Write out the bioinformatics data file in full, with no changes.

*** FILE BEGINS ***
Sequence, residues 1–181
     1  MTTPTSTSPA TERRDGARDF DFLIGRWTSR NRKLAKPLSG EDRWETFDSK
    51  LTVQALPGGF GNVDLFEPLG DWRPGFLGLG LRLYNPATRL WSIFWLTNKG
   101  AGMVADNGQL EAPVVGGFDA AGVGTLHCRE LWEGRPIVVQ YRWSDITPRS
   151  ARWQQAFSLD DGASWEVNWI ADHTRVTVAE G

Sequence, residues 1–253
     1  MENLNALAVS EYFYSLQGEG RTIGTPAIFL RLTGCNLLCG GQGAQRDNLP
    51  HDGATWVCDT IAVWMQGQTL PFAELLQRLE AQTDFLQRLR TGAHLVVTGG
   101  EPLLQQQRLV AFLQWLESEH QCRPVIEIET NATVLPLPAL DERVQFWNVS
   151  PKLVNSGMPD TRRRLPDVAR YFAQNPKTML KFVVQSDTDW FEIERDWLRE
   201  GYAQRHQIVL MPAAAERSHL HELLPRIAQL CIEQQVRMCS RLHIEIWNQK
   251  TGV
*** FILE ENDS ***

Sequence, residues 1–181
     1  MTTPTSTSPA TERRDGARDF DFLIGRWTSR NRKLAKPLSG EDRWETFDSK
    51  LTVQALPGGF GNVDLFEPLG DWRPGFLGLG LRLYNPATRL WSIFWLTNKG
   101  AGMVADNGQL EAPVVGGFDA AGVGTLHCRE LWEGRPIVVQ YRWSDITPRS
   151  ARWQQAFSLD DGASWEVNWI ADHTRVTVAE G

Sequence, residues 1–253
     1  MENLNALAVS EYFYSLQGEG RTIGTPAIFL RLTGCNLLCG GQGAQRDNLP
    51  HDGATWVCDT IAVWMQGQTL PFAELLQRLE AQTDFLQRLR TGAHLVVTGG
   101  EPLLQQQRLV AFLQWLESEH QCRPVIEIET NATVLPLPAL DERVQFWNVS
   151  PKLVNSGMPD TRRRLPDVAR YFAQNPKTML KFVVQSDTDW FEIERDWLRE
   201  GYAQRHQIVL MPAAAERSHL HELLPRIAQL CIEQQVRMCS RLHIEIWNQK
   251  TGV